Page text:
Pike Market Senior Center

Since 1979, Pike Market Senior Center has been more than just a warm, safe place to enjoy a hot meal, but a caring community serving seniors in downtown Seattle. Much like the Medical Clinic, the Senior Center was founded to help fill critical service gaps to support the downtown population of seniors displaced by urban development and the rising cost of living.  

“Poverty and physical disability leave the elderly and low-income residents of downtown Seattle with little control over their neighborhood,” described a 1987 study by board member Anne Focke that was published by the Ford Foundation. “They are the first to be displaced when development seeks the ‘highest and best’ use for a site. As the Market Foundation has learned, however, the elderly and low-income residents of downtown Seattle have long taproots into the area and their contributions are great, though overlooked.” 

The Senior Center offers a community space where these seniors can socialize, enjoy nourishing meals, access housing services, and engage in wellness activities. As a partner, the Market Foundation supports the vital work of the Senior Center through funding, relationship building, and specific programs like Bulk Buy that help offset operating costs for the meal program. These service offerings are essential to our community, as most senior center members live on little or no income, nearly half are unhoused, and most are at risk of social isolation.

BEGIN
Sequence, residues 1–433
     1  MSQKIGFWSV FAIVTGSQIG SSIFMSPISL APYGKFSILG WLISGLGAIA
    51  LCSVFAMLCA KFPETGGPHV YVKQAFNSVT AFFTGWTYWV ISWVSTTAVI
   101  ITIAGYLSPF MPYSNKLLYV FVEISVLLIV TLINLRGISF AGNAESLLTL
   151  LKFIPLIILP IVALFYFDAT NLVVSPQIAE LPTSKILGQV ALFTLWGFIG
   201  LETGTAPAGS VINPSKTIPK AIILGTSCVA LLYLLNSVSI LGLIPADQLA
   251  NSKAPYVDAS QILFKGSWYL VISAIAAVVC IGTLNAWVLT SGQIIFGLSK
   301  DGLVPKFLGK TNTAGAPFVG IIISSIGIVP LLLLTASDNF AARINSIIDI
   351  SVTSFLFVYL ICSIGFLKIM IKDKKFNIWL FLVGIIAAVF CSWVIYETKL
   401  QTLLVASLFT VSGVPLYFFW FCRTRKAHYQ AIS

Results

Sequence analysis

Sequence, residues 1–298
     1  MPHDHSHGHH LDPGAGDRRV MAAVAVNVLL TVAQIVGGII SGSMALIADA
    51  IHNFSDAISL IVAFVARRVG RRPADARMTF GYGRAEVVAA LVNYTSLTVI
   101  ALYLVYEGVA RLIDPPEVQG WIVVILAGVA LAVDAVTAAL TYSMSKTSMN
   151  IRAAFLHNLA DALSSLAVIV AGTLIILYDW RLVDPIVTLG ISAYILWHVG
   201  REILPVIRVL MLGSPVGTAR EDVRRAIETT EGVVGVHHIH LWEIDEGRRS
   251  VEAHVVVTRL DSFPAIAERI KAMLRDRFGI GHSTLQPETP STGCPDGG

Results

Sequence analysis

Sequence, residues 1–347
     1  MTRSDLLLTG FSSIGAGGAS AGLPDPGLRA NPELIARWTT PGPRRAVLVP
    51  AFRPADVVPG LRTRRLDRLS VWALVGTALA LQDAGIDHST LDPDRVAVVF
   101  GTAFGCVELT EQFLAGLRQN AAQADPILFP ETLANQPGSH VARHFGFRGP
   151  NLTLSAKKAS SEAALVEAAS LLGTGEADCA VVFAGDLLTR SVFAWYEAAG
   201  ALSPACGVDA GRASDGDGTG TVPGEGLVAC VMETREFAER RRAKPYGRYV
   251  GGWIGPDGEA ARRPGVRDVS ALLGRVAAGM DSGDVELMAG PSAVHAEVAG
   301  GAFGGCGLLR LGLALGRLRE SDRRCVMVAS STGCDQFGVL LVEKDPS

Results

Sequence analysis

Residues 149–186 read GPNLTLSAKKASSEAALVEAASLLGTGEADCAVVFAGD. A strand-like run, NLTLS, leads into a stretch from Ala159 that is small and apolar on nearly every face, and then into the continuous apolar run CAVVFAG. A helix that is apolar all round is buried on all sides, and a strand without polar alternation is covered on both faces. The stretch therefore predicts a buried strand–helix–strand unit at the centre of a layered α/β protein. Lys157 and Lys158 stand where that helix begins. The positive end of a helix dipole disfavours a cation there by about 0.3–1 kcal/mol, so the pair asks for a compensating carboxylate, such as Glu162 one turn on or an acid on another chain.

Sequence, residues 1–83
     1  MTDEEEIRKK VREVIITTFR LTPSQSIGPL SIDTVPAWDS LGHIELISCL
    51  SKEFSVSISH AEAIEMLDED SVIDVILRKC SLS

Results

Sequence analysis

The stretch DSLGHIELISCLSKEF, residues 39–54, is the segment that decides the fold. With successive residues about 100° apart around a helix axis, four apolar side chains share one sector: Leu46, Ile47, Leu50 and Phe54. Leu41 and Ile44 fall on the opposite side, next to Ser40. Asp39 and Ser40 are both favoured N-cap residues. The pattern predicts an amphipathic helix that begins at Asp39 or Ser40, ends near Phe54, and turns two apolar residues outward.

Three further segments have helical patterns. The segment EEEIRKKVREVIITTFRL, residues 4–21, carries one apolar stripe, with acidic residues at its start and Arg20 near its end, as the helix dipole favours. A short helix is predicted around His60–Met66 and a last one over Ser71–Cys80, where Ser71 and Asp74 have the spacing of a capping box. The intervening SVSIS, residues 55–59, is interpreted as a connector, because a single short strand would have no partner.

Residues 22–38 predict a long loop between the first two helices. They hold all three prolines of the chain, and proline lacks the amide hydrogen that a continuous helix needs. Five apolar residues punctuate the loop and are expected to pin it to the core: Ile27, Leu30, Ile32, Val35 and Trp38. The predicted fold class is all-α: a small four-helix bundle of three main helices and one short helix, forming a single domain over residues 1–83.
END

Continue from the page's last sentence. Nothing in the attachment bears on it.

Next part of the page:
By the 2000s, the Senior Center had expanded service and grown in numbers to the point where they were outgrowing their current space. The Market Foundation’s “Care for the Market” campaign raised $1.85 million to build new and expanded facilities, including a new, larger Senior Center, which opened in 2006. The new kitchen expanded to serve nearly 60,000 lunches – double the previous capacity. The Senior Center was then better equipped to serve approximately 1,000 seniors who utilized the daily meals, employment services, companionship, recreational and social services. 

 In 2020 when a global pandemic threatened our neighborhood and many resources around the city were suddenly unavailable, staff at the Senior Center sprang into action to keep our community healthy and stable. “There weren’t as many meal programs in Seattle open because of the COVID risk, almost everything closed down,” said Jeannie Falls, Executive Director of the Senior Center and Food Bank. In response, the Pike Market Senior Center stayed open and expanded meal offerings, adding dinner to-go in addition to hot breakfast and lunch. As residents sheltered in place, Senior Center case managers worked with staff at The Commons to ensure members in Market housing still had access to nutritious food and remained socially connected. 

Pike Place Market is a wonderful microcosm of a supportive community,” says Jeannie. “And it’s because there’s a network of social services. The Market Foundation, The Commons, and the PDA (Preservation and Development Authority) all work together with us to create a supportive community so that people don’t fall through the cracks.”  As seniors continue to face the threat of COVID and rising inflation while living on fixed incomes, we will continue to direct funding, resources and support towards the critical work of Senior Center staff. 

Pike Market Child Care & Preschool

Before the Preschool opened in 1982, it was common to see children and babies napping or playing under their parents’ vendor stalls in Pike Place Market. Then Friends of the Market decided to open a preschool in the Market that could welcome all families, regardless of economic means, valuing diversity and a sense of belonging. Pike Market Child Care and Preschool would be a critical new service for Market families and the greater community, as high-quality early learning is vital to building an equitable and healthy neighborhood.